Finally, “Another valuable way to use dialectical thinking involves accepting who you are at this moment while at the same time accepting that you want to change….you are accepting yourself exactly as you are in this moment so you can change…what can be changed is the way you react to your distress and difficult emotions.” POWERFUL STUFF !!

I think this book is terrific. It is extremely straightforward well organized, and readable. It includes very specific skills and strategies for managing emotions without turning to food…and it has such a supportive tone reminding the reader constantly that they are where they are and it isn’t the end of the world if they do binge…but there are ways to work on modifying this behavior. Very highly recommended for anyone who knows the struggles with food and weight management and who wants to be healthy, with a healthy approach to food and nutrition. Five enthusiastic stars. And I hope my former “daughter” will benefit from DBT!

Recovery from Trauma, Addiction, or Both by Lisa M. Najavits, PhD.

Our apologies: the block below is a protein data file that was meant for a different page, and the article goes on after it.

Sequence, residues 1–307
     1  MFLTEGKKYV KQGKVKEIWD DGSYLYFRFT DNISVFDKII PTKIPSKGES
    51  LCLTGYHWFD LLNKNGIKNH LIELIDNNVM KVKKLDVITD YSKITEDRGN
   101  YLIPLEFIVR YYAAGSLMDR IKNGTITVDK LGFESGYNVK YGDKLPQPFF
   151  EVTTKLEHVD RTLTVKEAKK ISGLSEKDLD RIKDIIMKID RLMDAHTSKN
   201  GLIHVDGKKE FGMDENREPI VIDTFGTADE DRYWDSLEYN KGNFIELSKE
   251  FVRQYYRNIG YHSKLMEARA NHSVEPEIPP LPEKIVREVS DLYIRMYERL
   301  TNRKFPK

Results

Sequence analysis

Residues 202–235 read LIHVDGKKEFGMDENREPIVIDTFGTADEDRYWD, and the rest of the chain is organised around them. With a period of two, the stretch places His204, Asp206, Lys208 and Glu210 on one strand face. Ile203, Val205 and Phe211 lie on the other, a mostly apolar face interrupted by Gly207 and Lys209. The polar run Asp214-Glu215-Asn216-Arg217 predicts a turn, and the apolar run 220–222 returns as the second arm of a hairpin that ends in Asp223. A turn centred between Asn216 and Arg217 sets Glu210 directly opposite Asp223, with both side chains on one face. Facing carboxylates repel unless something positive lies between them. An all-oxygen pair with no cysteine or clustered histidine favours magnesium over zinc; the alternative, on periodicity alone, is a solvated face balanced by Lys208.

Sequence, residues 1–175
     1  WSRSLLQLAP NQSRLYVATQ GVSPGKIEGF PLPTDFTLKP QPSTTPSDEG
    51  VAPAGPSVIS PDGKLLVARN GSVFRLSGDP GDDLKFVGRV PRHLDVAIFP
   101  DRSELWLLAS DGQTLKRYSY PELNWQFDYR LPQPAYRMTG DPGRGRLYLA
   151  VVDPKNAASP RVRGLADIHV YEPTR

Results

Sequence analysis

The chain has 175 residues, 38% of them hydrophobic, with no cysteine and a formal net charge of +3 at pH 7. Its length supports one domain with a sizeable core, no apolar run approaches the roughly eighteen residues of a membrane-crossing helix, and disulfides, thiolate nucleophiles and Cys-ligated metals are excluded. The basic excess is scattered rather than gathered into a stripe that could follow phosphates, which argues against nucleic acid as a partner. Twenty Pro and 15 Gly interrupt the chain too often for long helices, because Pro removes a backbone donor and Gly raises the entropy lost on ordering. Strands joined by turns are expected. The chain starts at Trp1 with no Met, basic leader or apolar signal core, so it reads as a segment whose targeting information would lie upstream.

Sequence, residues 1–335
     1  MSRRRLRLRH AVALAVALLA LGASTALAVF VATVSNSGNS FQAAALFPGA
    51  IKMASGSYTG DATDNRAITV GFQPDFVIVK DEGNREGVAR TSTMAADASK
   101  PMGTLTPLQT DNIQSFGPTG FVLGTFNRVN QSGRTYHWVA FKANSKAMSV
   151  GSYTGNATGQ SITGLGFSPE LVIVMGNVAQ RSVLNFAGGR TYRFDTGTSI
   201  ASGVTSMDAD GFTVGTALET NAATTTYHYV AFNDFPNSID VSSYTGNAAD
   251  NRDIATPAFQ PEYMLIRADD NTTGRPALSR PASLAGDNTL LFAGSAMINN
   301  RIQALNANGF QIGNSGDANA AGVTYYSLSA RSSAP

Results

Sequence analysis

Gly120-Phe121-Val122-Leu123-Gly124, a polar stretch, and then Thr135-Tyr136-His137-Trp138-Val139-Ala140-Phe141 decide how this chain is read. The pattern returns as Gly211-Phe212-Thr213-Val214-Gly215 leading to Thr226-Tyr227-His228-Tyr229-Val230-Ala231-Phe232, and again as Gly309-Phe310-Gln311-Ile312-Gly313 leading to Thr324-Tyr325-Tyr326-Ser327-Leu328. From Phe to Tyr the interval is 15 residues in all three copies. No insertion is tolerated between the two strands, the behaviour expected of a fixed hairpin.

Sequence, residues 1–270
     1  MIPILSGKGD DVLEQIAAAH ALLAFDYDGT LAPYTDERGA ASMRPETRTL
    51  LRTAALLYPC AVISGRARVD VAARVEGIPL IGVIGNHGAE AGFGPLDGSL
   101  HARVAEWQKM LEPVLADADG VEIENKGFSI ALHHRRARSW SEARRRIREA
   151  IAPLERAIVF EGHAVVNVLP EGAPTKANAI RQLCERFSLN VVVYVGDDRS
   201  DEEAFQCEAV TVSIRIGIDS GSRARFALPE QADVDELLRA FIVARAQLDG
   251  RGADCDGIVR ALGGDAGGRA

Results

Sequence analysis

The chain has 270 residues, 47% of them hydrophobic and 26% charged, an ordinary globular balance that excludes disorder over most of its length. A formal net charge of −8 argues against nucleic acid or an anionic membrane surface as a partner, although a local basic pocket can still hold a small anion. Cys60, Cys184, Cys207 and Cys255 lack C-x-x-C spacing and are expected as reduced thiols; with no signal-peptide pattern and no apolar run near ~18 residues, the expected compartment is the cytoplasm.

Some years ago, I was the foster parent to a teenager whose adolescence had been filled with abuse by various people, including her father, brother, and even the man who played Santa Claus. Finally, some 25+ years after she left our home, she began working with therapists to deal with the consequences of her upbringing. To this day, she still is wandering in the wilderness of therapy, doing a lot of therapist-shopping and -hopping, and I am still fascinated by the possibilities for treatment and the various options available.

Lisa Najavits, a professor of psychiatry at Boston University and adjunct professor at the University of Massachusetts Medical School, is a well-regarded academic who has published widely on the topic of trauma and abuse, and developed the Seeking Safety program of treatment. Thanks to Guildford Publications and Net Galley, I received a copy of her new book, Healing from Trauma, Addiction, or Both in exchange for my honest review.

There is no doubt that Dr. Najavits knows her stuff. She noted “women with current posttraumatic stress disorder (PTSD) comprise 30-59% of substance abuse treatment samples and experience a more severe course than women with either disorder alone. “ Following clinical studies, she has developed a manual-based 24-session cognitive behavioral group therapy protocol treatment. The results of her studies showed “significant improvements in substance use, trauma-related symptoms, suicide risk, suicidal thoughts, social adjustment, family functioning, problem solving, depression, cognitions about substance use, and didactic knowledge related to the treatment.”